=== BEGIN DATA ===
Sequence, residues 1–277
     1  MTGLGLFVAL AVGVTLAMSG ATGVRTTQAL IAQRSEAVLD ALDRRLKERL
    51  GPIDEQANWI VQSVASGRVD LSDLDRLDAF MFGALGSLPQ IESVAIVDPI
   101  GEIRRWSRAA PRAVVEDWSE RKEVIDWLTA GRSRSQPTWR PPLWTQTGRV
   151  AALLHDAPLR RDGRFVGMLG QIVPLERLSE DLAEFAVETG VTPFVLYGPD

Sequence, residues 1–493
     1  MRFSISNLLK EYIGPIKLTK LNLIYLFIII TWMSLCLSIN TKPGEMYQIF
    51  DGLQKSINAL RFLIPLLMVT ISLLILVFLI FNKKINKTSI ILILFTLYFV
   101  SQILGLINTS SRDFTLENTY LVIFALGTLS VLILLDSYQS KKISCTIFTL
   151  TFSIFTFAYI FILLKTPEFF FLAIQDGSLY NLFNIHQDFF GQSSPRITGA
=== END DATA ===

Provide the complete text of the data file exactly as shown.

Sequence, residues 1–277
     1  MTGLGLFVAL AVGVTLAMSG ATGVRTTQAL IAQRSEAVLD ALDRRLKERL
    51  GPIDEQANWI VQSVASGRVD LSDLDRLDAF MFGALGSLPQ IESVAIVDPI
   101  GEIRRWSRAA PRAVVEDWSE RKEVIDWLTA GRSRSQPTWR PPLWTQTGRV
   151  AALLHDAPLR RDGRFVGMLG QIVPLERLSE DLAEFAVETG VTPFVLYGPD

Sequence, residues 1–493
     1  MRFSISNLLK EYIGPIKLTK LNLIYLFIII TWMSLCLSIN TKPGEMYQIF
    51  DGLQKSINAL RFLIPLLMVT ISLLILVFLI FNKKINKTSI ILILFTLYFV
   101  SQILGLINTS SRDFTLENTY LVIFALGTLS VLILLDSYQS KKISCTIFTL
   151  TFSIFTFAYI FILLKTPEFF FLAIQDGSLY NLFNIHQDFF GQSSPRITGA